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Lewis County sets policies for terminated employees, fund balance


LOWVILLE — Lewis County legislators last week established separate policies for handling terminated employees and managing the county’s fund balance.

“There were no standards or procedures — what should be followed after the discharge of an employee,” said Legislature Chairman Michael A. Tabolt, R-Croghan.

That came to light in late March, when fired Recreational Trail Coordinator Robert C. Diehl was allowed to go into his former office and remove files from his county computer.

Then-County Manager David H. Pendergast said Mr. Diehl, who was fired in February for alleged misconduct, had requested access to logos and posters he had developed and pictures he had taken, along with other personal items.

After consulting with Mr. Tabolt and county attorney Richard J. Graham, Mr. Pendergast allowed the ex-employee to go to his former office while accompanied by other county staff.

Legislator Paul M. Stanford, D-Watson, afterward raised concerns that such access could affect criminal proceedings against Mr. Diehl, who has been accused of submitting to the county a purchase order and voucher for $3,262.97 worth of gravel that was delivered to his Martinsburg residence for his personal use.

The criminal case remains pending in County Court, while Mr. Diehl has since filed a civil suit against the county claiming he was improperly terminated.

Mr. Tabolt at the time acknowledged his part in allowing the computer access and recommended development of a terminated employees policy.

The new, two-page policy states that employees’ access to the county computer network be terminated as soon as they end their work duties with the county.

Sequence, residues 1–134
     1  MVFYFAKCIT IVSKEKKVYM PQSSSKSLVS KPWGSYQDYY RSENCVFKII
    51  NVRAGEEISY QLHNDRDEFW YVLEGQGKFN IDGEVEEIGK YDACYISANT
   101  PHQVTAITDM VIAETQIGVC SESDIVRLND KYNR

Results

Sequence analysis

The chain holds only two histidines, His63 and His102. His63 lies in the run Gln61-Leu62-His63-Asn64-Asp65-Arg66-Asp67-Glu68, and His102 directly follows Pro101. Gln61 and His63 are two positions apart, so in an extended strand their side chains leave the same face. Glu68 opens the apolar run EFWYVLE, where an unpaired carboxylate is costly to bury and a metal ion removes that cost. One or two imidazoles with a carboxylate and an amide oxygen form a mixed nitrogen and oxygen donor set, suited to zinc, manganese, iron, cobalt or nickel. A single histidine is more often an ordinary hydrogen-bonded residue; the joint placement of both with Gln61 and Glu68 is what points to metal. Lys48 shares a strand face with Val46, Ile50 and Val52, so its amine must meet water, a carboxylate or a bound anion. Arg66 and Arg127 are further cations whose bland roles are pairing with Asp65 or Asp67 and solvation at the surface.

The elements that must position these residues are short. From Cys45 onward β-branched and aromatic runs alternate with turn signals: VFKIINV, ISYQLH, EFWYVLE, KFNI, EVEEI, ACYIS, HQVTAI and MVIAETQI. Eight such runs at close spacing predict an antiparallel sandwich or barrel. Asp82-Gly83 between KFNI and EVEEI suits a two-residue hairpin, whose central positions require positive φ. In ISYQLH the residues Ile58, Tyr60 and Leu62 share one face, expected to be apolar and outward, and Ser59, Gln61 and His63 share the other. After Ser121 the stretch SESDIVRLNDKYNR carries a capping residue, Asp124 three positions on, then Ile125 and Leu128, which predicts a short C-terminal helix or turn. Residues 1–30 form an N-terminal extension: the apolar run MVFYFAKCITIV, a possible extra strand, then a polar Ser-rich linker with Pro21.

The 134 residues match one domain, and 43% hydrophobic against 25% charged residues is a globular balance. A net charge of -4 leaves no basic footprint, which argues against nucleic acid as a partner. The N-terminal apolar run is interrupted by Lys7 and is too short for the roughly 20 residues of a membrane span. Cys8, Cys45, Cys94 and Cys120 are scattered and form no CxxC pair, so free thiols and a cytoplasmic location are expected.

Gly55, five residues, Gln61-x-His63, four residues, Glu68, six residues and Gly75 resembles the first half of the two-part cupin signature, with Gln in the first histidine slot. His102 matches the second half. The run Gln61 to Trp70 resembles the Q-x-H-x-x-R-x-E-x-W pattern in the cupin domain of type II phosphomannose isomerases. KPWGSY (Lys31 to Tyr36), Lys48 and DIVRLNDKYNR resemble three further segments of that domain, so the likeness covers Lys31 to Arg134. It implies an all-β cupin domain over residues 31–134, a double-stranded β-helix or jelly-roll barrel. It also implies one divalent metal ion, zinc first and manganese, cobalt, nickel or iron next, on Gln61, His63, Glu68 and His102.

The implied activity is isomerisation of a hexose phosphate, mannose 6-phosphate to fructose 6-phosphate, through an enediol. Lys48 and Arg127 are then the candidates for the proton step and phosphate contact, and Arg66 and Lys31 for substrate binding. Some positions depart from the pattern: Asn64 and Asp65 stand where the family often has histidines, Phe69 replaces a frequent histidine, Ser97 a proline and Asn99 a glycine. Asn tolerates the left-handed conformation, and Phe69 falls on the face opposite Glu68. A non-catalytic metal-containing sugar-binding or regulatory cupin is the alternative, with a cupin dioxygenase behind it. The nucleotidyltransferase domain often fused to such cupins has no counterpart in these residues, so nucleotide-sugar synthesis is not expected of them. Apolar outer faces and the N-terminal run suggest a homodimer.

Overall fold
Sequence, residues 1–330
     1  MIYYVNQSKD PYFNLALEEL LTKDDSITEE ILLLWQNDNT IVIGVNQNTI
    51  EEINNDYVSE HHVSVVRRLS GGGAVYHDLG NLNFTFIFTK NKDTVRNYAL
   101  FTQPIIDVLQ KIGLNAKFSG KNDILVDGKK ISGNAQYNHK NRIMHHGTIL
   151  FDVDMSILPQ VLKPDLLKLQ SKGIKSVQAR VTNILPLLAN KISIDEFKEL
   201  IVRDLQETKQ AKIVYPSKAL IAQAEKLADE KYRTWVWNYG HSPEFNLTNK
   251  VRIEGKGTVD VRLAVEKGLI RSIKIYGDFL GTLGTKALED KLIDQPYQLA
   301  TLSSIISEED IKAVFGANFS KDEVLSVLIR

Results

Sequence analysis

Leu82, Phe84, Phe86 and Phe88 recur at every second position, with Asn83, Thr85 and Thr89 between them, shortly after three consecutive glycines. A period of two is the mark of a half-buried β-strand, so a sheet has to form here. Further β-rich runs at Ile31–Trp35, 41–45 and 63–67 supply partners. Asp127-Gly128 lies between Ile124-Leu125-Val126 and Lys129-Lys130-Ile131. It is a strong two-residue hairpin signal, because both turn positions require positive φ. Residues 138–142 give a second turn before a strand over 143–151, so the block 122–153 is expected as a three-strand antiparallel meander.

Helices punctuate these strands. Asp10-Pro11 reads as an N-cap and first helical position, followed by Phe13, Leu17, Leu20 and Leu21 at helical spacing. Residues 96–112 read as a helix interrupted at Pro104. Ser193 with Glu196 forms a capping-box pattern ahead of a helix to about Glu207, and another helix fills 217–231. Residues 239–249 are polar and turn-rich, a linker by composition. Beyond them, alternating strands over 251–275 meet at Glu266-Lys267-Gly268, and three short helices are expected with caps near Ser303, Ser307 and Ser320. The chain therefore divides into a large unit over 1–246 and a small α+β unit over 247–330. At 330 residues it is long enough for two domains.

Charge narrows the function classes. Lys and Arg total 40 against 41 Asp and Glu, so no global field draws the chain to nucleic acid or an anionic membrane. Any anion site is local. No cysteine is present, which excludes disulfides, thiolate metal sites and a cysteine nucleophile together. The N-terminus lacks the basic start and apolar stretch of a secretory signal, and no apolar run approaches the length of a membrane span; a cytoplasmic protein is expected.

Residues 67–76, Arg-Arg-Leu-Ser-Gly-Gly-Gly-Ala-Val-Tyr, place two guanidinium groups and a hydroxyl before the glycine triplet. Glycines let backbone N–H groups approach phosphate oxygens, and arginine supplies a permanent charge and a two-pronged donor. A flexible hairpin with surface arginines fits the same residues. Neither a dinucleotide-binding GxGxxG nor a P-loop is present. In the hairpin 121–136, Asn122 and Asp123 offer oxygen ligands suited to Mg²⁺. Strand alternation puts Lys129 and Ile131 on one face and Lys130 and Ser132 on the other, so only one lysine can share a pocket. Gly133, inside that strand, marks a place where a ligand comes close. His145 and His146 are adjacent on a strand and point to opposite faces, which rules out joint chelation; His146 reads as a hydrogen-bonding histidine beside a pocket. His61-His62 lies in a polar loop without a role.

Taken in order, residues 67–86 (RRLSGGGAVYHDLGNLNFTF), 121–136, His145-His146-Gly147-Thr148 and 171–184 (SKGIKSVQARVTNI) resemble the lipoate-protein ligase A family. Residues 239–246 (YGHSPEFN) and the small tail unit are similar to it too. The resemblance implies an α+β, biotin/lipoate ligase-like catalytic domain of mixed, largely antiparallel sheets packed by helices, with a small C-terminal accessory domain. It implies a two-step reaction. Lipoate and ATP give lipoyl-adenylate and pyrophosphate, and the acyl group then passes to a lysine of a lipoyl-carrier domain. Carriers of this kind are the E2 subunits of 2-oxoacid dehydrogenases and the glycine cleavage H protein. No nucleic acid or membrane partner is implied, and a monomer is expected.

Terminated employees would have access to county work locations only with supervision of a department manager and permission from the county manager and/or personnel officer.

“At no time should a terminated employee have access to work-related material without being supervised,” the policy states. “All work-related materials, including documentation completed or created while working for Lewis County, are property of Lewis County and should not be used by a terminated employee for their own personal benefit.”

Meanwhile, a new fund balance policy directs management to “strive to maintain an unassigned fund balance in the General Fund of $10 million” and keep it from falling below $6 million.

“That’s pretty much what our policy has been,” said Legislator Jack T. Bush, R-Brantingham, chairman of the legislative Ways and Means Committee.

However, putting it in writing should help to maintain an emphasis on keeping sufficient reserves to cover cash flow, keep a strong bond rating and be prepared for an emergency expenditures, he said.

The policy does allow the fund balance to drop below the $6 million mark in the event of a “catastrophic economic event” and notes that fund balance above the $10 million mark could be earmarked for capital expenses or to pay off debt.

“If Lewis County didn’t have a hospital, these numbers wouldn’t have to be so high,” Mr. Bush said.

While the county has a roughly $50 million budget, its combined budget with Lewis County General Hospital is more than $113 million.

The $6 million to $10 million fund balance range would amount to between 5 percent and 9 percent of the total county and hospital budget.

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